Frankenstein 1970 Overview:

Frankenstein 1970 (1958) was a Horror - Science Fiction Film directed by Howard W. Koch and produced by Aubrey Schenck.

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On Blu-Ray: Boris Karloff in Frankenstein 1970

By KC on May 24, 2019 From Classic Movies

Decades after getting his big break in Frankenstein (1931), Boris Karloff revisited the idea in Frankenstein 1970 (1958). This time he was the one harvesting body parts and playing with knobs as Dr. Victor Frankenstein. Karloff is the draw in this low-budget quickie production which recently made it... Read full article


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Quotes from

Baron Victor von Frankenstein: [Reading from his ancestor's stone memorial marker] "I, Frankenstein, began my work in the year 1740 A.D. with all good intentions and humane thoughts to the high purpose of probing the secrets of life itself with but one end, the betterment of mankind."
[Speaking for himself]
Baron Victor von Frankenstein: So wrote my ancestor, but first he had to learn how flesh is made. He had to discover the art of transplanting vital organs from human beings into his creature and knitting them together until they all had all the attributes of God-inspired birth. Of course, I must admit that perhaps he was not too scrupulous about where he got his raw material.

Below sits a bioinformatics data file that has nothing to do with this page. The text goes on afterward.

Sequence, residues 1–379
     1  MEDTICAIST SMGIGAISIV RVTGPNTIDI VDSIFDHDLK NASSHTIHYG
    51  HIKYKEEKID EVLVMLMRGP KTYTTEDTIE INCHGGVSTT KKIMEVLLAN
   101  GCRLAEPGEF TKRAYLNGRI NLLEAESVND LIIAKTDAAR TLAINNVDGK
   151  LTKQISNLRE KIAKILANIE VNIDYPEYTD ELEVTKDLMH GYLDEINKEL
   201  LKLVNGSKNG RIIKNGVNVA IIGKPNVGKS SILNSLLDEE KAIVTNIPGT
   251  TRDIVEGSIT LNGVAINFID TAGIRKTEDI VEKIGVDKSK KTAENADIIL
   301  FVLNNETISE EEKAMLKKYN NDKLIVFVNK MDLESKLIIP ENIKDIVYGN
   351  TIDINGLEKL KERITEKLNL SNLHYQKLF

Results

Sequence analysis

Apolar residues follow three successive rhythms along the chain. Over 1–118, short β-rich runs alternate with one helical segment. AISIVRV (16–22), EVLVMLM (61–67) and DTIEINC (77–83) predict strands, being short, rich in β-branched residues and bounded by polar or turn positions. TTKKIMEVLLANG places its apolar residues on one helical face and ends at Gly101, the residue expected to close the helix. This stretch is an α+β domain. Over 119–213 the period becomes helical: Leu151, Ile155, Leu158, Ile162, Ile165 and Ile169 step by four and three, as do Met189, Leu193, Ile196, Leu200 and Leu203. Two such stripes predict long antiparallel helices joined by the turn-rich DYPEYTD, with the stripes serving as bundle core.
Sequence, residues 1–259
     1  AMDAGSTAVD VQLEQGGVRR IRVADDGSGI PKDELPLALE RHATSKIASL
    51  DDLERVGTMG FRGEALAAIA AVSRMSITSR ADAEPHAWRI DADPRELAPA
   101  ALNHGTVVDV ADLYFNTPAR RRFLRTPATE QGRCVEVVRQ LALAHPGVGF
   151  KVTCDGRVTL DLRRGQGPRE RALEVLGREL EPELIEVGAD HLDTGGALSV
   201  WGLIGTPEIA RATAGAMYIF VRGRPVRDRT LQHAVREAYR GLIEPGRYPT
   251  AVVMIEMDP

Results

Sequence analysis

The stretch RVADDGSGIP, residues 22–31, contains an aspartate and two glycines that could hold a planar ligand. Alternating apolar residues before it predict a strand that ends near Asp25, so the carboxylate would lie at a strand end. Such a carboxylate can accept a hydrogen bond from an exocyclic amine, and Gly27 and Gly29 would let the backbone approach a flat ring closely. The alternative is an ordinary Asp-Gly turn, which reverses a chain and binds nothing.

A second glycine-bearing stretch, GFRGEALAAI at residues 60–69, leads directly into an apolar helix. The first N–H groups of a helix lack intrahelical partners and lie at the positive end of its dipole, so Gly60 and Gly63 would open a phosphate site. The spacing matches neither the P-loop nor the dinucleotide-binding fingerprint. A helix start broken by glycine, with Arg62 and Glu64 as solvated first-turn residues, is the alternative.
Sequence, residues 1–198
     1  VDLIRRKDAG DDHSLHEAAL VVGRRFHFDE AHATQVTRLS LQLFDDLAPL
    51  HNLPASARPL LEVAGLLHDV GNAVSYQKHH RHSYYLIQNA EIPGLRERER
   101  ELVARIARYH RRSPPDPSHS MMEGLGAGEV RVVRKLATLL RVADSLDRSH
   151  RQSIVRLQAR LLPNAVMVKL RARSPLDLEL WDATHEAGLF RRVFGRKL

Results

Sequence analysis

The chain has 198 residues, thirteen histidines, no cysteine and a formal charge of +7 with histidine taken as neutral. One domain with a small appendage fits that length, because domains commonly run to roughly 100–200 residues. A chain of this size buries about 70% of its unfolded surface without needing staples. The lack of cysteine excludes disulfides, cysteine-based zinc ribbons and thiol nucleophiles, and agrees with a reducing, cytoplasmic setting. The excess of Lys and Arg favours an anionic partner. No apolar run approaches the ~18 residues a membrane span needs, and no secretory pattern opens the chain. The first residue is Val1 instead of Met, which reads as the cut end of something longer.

Wilhelm Gottfried: [Pointedly to Dr. Frankenstein] What kind of deals do you have with the director of the morgue?


Baron Victor von Frankenstein: Shuter, yours is not the brain that I would have chosen, but at least you are obedient.


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Facts about

The black statuette from The Maltese Falcon was used by the Warners prop department to dress the set.
This project was proposed because of the success of the "Shock Theatre" package of Universal horror films released to television. The other contributing factors were the recent successes of the British-made The Curse of Frankenstein and the low-budget American International release I Was a Teenage Frankenstein. This low-budget film had the advantage of being shot in CinemaScope.
The interiors were part of a set on Warners Stage Three, which had been constructed for the Errol Flynn-Dorothy Malone film Too Much, Too Soon,. In addition, the budget-conscious Schenck used cinematographer Carl Guthrie from the earlier film because his experience with the set allowed him to light the scenes quickly.
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